Shakespeare uses the freedom granted by the natural setting of the storm scenes to explore three themes key to King Lear. The idea of ‘unaccommodated man' is illuminated. Shakespeare is interested to know what it means to be a man. The storm scenes provide the perfect opportunity to do this, as they present us with men free from the constraints of society - men in the ‘basest' sense. In Act III Scene 1 Lear refers to himself as a ‘poor, infirm, weak, and despised old man'. He is as far-removed from the powerful king of Act I as one can imagine. He is interested in man in his most stripped-down, basic form. He talks of the ‘Poor naked wretches' of the world, saying what little defence from the storm their ‘raggedness' must offer. It seems that Lear is encouraged in this train of thought by the sight of ragged Poor Tom. He asks desperately, ‘Is man no more than this?'. He decides, in a moment of lucidity amidst his madness, that man is ‘a poor, bare, forked animal' just like the ‘Tom o' Bedlam' before him. Lear suddenly ‘tears off his clothes'; the trappings of man's false view of himself as superior to animals.

Also explored is the question, what does it mean to be a king? It is interesting that it is only now that Lear has lost his high rank that he becomes interested in this question. Only once his madness has reached its peak does Lear show some consideration for others, and the effects which his actions have on them. Lear's tender concern for the Fool in Act III Scene 2 is the first sign we have that ‘the old man' may be regaining some control over his wits, even though he is still far from sane. He affectionately asks the Fool ‘How dost my boy? Art cold?'. He says, ‘I have one part in my heart / That's sorry yet for thee'. Even before Lear lost his sanity we did not hear him speak so lovingly to anyone around him. I suggest that it has taken a severe mental upheaval for Lear to feel concern for others. Only now he has lost his position of power does he begin to show signs of responsibility, a fact which is deeply ironic. In Act I Scene 1, when Lear was at the height of his power and had full control over his mind, he spoke with a commanding tone, giving orders such as ‘Know that we have divided / In three our kingdom...'. His condescending use of the royal ‘we' is in contrast to the ‘I' he employs in Act III Scene 2 when he confides ‘I am cold myself'. This phrase shows that Lear no longer sees himself as superior to those around him. I believe that this acknowledgement that he too is only human would make Lear a much better king.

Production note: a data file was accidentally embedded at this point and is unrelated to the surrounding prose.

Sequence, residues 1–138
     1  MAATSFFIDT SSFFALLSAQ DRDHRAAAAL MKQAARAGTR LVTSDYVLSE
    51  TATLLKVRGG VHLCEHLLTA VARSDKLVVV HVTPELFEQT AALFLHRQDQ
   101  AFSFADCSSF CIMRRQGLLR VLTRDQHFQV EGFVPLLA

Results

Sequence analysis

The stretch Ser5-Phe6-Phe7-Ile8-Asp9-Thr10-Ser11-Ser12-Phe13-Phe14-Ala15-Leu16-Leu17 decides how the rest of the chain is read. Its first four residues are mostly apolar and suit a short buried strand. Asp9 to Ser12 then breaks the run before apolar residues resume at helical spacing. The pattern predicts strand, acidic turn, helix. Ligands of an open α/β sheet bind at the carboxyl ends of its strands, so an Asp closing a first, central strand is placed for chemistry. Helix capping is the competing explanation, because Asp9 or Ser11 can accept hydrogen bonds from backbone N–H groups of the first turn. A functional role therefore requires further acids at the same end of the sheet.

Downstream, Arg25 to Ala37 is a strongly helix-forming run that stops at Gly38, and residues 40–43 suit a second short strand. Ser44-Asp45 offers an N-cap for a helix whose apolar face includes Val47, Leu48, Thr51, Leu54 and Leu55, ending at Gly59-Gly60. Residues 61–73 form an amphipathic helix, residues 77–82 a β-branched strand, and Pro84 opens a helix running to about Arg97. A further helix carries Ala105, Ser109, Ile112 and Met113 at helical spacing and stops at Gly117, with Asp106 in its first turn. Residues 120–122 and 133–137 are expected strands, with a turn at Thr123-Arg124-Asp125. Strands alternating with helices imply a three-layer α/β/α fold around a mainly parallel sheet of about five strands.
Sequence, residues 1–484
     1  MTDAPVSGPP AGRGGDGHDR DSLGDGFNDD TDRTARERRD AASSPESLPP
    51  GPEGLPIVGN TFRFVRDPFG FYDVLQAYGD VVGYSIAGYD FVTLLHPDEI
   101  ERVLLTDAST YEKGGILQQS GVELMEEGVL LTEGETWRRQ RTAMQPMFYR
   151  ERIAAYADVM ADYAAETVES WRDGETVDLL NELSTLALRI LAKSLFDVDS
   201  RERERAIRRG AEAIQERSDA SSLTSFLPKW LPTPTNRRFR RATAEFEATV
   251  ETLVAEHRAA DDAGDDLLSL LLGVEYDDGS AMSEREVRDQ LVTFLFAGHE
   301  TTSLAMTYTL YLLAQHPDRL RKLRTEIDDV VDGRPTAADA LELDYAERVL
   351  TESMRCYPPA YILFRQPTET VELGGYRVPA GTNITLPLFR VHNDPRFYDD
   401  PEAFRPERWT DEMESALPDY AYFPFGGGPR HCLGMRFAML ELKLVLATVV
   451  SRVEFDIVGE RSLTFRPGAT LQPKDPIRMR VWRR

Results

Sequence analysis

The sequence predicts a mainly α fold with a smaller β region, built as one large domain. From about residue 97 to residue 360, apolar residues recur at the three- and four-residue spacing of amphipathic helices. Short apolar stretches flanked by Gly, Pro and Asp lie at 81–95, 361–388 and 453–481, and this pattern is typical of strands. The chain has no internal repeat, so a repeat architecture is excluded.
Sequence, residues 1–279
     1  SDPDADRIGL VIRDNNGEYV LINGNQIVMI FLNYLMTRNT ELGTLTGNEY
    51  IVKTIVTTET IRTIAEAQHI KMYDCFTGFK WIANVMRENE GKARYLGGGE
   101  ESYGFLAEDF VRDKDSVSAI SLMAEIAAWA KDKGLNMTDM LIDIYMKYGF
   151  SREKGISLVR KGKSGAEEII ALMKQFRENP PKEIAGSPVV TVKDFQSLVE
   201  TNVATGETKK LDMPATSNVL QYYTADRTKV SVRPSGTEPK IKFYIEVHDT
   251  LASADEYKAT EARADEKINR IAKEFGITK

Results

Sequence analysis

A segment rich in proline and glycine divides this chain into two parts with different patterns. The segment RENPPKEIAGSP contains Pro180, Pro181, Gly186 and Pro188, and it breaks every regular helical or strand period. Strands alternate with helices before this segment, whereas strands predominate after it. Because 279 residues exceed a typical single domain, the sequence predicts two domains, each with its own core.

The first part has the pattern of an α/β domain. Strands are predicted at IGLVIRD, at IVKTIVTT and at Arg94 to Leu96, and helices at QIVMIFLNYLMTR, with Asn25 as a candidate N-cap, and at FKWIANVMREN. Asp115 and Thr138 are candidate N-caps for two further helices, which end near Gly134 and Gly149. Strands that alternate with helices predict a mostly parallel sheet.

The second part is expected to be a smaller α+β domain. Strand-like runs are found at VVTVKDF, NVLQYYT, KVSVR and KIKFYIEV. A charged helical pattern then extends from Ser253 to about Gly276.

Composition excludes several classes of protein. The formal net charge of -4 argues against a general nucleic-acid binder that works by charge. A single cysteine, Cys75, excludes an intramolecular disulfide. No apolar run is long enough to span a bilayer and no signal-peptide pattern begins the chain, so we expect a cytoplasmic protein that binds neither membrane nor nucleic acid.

What preoccupies Lear's confused mind most throughout the storm scenes is the idea of justice. He is obsessed with his daughters' treachery, and he thinks constantly of revenge. Lear's anger is voiced in his many anguished speeches, for example in Act III Scene 2, where he warns,

"Tremble, thou wretch That hast within thee undivulgèd crimes Unwhipped of justice."
At the time, Lear is being punished for faults of his own, and this irony adds to the impact of his words. He feels himself to be ‘More sinned against than sinning', a view which I share. However, Lear is a strong believer in punishment for wrongdoing - he swears that he ‘will punish home'. In Act III Scene 4, we see Lear act out a mock trial of his daughters, so plagued is he by thoughts of their ‘filial ingratitude'. He calls for ‘Judicious punishment!' for his ‘unkind daughters'. Lear dishes out the punishment he sees fitting, motivated largely by self-pity. He counts himself among the ‘discarded fathers', and wallows in self-absorption.

The storm scenes are more than merely a dramatic spectacle, although they do provide an effective change of dramatic mood. More importantly, Shakespeare uses these scenes to free the action of the play from the court setting of the first two acts. He thereby allows himself the space to develop ideas and themes crucial to the play, as well as forwarding the play's action.

Thanks to good old Mrs. Swigg, my good old English teacher.

Log in or register to write something here or to contact authors.